Adam Lent is the Director of the New Local Government Network
So this is a revolutionary Government. Ready to shake the foundations of Whitehall, radically shift policy focus to the world outside London, and respond to the popular desire to “take back control”. It’s early days but the ambition of the initial ideas seem to owe rather more to Citizen Smith than Che Guevara. It will take a lot more than some departmental rejigging and extra infrastructure spending to upend the status quo.
Fortunately, the Conservative manifesto gives the Government the perfect tool to transform the culture of Whitehall and respond to their new supporters in the North: the promised devolution white paper. However, for that initiative to be truly transformational and mean something to voters outside of London, it needs to provide for a very different type of devolution to that which occurred under previous Governments.
The crucial difference is to make this a devolution about empowering communities, not institutions. Efforts to date have been highly technocratic, offering new powers to areas only on the condition that they create complex new bodies with a top-down, economic policy focus. There was no sense that any ‘ordinary’ citizen was gaining a substantially greater say or stake in how their lives might change. Continuing with that approach will only generate even higher levels of alienation and do little to fundamentally transform the way government and public sector works.
Luckily there is now a new wave of innovation occurring across the public sector that offers a different way forward. That wave involves handing power and resources over to communities to play a central role in designing and delivering services. It is proving transformational. It enables a shift to a preventative model, improves outcomes, enhances legitimacy, and even saves money. It taps into the entrepreneurial spirit and inherent creativity of neighbourhoods, community businesses, and local charities, in a way the traditional paternalist model of public services and state-led solutions never would.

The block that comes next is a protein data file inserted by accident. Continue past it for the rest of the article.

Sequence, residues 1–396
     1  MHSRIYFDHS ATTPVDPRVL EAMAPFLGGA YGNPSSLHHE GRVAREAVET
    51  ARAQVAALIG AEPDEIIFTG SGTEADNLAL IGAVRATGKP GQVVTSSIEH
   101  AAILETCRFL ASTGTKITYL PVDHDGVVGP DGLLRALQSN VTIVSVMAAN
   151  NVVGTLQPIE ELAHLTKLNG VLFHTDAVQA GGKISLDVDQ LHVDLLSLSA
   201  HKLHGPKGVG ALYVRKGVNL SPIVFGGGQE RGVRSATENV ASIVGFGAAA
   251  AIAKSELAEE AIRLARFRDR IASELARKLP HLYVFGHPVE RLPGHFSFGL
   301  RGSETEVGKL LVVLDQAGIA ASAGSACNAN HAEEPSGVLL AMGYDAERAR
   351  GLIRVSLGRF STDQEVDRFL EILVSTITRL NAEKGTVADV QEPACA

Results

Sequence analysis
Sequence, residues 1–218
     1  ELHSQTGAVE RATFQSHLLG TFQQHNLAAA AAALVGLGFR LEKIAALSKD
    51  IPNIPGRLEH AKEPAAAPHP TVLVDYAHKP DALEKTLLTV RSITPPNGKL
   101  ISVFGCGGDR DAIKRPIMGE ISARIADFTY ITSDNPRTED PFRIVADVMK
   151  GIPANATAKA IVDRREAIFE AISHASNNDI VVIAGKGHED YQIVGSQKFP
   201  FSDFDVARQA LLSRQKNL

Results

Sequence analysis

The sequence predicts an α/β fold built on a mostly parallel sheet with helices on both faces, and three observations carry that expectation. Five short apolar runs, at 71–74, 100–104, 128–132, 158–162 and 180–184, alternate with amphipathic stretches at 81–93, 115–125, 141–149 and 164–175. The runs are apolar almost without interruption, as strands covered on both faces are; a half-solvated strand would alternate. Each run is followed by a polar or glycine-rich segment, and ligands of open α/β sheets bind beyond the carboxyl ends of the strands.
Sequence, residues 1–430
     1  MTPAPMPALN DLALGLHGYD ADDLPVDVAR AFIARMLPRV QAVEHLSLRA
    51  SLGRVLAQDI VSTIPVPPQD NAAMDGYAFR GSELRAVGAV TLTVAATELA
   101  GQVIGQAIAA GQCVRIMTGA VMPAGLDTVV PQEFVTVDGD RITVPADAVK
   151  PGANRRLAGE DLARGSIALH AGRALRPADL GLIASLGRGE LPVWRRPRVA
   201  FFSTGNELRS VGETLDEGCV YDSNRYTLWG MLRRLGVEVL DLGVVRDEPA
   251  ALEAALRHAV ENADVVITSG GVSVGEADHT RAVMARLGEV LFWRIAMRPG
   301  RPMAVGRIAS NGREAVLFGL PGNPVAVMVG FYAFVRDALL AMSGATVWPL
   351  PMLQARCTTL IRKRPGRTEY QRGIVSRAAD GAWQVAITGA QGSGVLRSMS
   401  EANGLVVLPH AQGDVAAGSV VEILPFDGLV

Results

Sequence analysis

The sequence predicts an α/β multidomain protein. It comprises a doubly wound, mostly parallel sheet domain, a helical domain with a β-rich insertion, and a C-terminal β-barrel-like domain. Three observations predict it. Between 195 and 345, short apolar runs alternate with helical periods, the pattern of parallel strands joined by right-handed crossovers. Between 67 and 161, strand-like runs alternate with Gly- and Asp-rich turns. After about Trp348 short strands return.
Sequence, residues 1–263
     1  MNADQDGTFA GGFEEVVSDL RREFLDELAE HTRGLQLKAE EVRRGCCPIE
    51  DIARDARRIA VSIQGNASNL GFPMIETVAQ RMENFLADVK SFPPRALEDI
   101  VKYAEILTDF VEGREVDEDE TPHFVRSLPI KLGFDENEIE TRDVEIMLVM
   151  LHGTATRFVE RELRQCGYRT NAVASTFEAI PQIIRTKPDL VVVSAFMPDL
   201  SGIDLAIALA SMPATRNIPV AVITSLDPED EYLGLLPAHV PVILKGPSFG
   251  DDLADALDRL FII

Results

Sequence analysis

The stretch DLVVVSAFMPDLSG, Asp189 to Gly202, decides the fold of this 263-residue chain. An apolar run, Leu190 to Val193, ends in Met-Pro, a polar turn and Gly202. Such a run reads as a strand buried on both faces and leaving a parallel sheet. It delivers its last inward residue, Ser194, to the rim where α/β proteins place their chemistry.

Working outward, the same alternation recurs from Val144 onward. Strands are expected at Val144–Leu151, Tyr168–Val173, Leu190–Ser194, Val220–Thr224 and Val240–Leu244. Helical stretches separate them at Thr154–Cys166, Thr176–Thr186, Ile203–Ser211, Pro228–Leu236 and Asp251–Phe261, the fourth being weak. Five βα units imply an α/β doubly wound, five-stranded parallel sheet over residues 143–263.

The innovations range from mobilising communities to support families and others facing crisis, holding deliberative events to allow service users to shape public services, handing over budgets of widely varying sizes to neighbourhoods and other communities to control, or transferring assets such as libraries, theatres, and community centres, into the hands of community groups.
The role of a new round of devolution must be to take on the institutional mindsets and allow this spirit of community power to flourish. The key way to do this is to make devolution conditional – not on the establishment of new institutions, but on councils and public sector bodies actively working together to empower communities.
That conditionality cannot be based on the old deal-making model of devolution. This was a waste of time and money – tying up central government and councils in endless rounds of negotiation and bid preparation while delivering underwhelming change or, in some places, none at all. The intention to ensure collaboration by councils and other bodies across areas was sound but the method to achieve that was hopeless.
The alternative is to devolve power and funds as soon as possible, but with central government retaining the right to recall them, should particular areas fail to collaborate or empower communities. After all, as any behavioural scientist will tell you, the fear of loss is a far better driver of behaviour change than the promise of reward.
Our highly centralised political system and public sector is one of the key reasons why so many across the country feel excluded and marginalised. It also helps explain why our economy is so skewed towards London. We have known for years that devolution is the antidote. But devolution that creates new layers of bureaucracy or simply empowers those already in charge locally will always prove an unfinished revolution that fails to excite the wider population. This Government with its revolutionary mindset and imperative to give control back to citizens must not miss the opportunity to do things differently.